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jonp 03-06-2010 06:37 AM

USB hard drive as an HDD boot drive
I have a Toshiba laptop with BIOS that will not recognize USB as a boot medium (I have purchased two USB 'thumb' drives with Distro's that do boot but the BIOS see them as HDD devices!)

I did manage to install and boot a distro from the USB HD but ended up with the USB drive having to be connected' to select any of the OS partions, to boot anything.
I do realize that somehow, when installing the new distro on the USB drive, I changed the GRUB configuration to be on the USB drive which obviously I did not want, so can someone tell me how to get that GRUB configuration on the laptop main drive?

Thanks for any help.


linus72 03-06-2010 07:13 AM

What model of Toshiba?
I have a 7000CT 266mhz 160MB ram , 4GB hdd
I currently have Debian and Slack 13 on there...somehow(4GB HDD!?)

it doesn't boot from usb either so I use Plop to boot usb, usb-cdrom,etc
I put Plop on all my live stuff too..

If booted up from either usb or hdd, just copy the menu.lst to lappy hdd
and redo grub if you have to

cp -a /boot/grub/menu.lst /mnt/hda1/boot/grub/

if copying from usb to hdd

as long as the menu.lst says its booting (hd0,0) you should be OK
can you post menu.lst?
did you install grub to MBR of lappy?

jonp 03-06-2010 08:59 PM

I have a Toshiba Satelite P205D with a 250GB HD and 3072MB of ram.
I have a lot of space for the SuSE distro that I am pleased with however, I did want to install and try other distro's WITHOUT putting them on my main HDD.
I am not familiar with 'Plop' so I will look it up and give it a try following your suggestions - thanks.
GRUB2 is already on the laptop, and the install process was, I suppose, the 'default' which also put it on the USB hard drive.The drive 'selection' menu shows the USB as a separate HDD but it will not boot from it - I have to select the main laptop drive which shows the Linux variants and my Windows partition. Strangely however, without the USB drive connected, I get an error message 'drive not recognized'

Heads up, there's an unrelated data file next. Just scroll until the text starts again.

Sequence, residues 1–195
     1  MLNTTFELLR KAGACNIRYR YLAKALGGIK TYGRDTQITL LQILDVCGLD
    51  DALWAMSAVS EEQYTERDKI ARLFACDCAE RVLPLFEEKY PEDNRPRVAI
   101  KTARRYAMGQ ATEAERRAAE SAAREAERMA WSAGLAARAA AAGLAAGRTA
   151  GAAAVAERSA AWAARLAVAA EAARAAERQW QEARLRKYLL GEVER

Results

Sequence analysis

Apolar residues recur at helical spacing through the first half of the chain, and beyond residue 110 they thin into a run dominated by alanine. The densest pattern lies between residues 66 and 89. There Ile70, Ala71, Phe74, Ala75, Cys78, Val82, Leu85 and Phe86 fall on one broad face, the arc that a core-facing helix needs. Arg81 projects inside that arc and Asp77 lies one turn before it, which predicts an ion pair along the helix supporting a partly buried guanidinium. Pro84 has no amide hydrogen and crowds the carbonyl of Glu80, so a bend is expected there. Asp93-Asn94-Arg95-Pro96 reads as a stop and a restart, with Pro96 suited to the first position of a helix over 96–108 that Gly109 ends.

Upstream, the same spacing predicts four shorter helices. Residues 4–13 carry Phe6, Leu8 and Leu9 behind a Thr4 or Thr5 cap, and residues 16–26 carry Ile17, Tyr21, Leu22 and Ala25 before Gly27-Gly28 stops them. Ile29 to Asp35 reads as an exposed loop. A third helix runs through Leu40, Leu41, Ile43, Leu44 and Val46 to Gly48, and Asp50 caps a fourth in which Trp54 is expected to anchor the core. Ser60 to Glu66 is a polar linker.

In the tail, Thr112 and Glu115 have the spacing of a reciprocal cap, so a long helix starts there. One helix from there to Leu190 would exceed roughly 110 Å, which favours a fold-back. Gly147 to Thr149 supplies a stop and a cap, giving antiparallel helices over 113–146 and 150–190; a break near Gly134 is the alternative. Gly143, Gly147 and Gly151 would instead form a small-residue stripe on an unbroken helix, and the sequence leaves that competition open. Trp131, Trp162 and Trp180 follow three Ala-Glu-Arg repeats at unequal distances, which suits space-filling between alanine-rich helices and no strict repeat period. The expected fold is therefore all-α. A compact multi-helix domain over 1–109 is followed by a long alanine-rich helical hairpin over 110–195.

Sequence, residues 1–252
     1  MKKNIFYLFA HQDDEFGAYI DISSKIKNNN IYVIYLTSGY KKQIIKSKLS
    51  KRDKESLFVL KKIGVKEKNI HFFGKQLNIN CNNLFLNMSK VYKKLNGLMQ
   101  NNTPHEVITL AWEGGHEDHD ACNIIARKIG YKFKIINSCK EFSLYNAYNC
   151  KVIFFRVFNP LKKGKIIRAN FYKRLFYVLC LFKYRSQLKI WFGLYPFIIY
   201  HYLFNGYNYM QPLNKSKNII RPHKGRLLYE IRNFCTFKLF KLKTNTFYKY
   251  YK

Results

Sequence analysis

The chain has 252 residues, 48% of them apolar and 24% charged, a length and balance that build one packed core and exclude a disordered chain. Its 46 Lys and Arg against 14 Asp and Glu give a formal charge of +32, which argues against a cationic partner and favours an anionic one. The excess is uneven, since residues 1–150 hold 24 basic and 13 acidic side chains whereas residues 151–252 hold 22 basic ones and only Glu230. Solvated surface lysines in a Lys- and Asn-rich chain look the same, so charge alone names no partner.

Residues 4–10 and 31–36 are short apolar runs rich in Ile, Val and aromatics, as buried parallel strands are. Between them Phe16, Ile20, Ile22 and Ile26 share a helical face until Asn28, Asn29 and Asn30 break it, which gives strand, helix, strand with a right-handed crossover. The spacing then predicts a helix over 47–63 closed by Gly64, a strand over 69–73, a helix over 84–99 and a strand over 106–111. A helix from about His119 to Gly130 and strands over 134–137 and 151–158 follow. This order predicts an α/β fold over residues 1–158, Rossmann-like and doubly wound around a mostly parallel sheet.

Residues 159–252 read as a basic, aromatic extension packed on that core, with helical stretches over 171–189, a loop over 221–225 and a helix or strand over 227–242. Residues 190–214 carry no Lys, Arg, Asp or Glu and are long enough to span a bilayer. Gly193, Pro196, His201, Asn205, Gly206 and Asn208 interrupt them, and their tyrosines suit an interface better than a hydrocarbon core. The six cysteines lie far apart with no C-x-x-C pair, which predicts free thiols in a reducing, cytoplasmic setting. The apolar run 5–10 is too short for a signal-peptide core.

Thanks for the help, I will give this 'Plop' a try.

paulsm4 03-06-2010 09:16 PM

Running any OS from a USB hard drive is generally a Bad Idea.

Strong suggestion:
1. Dual boot the main OS's you want
... and/or ...
2. Use VM's of any alternate OS's you want (run the VM's from hard disk; *not* external USB disk)
... and ...
3. Use your USB for external/archival storage


jonp 03-07-2010 07:09 AM

Thanks for the response paulsm4,I have no doubt that you are exactly right.
On thinking further about putting the OS on a USB drive, it probably is even more 'unsafe' than putting it on the main (internal) drive.
I am not skilled with the Linux file system but I have the urge to continue to 'tweak' because I make so many mistakes and learn a lot
in the painful process of correction!
I have tried a few suggestions - that have not worked out, so I will now using the the USB as a Backup drive.
Thanks again,I know you have offered very sound advice.


paulsm4 03-07-2010 01:28 PM

Hi -


but I have the urge to continue to 'tweak' because I make so many mistakes and learn a lot in the painful process of correction!
That's a very *positive* trait - I commend you!

You definitely want to experiment with "VM's" - they're perfect for setting up "virtual labs" and experimenting.

You have many choices, including Xen, VMWare, QEMU and Virtual Box (aka VBox).

For example, if your primary OS was Windows, you could:

1. Download VMWare Player or VMWare Server (both free) from here:

2. Download a completely pre-installed, pre-configured version of Ubuntu server from here:
'Hope that helps .. PSM

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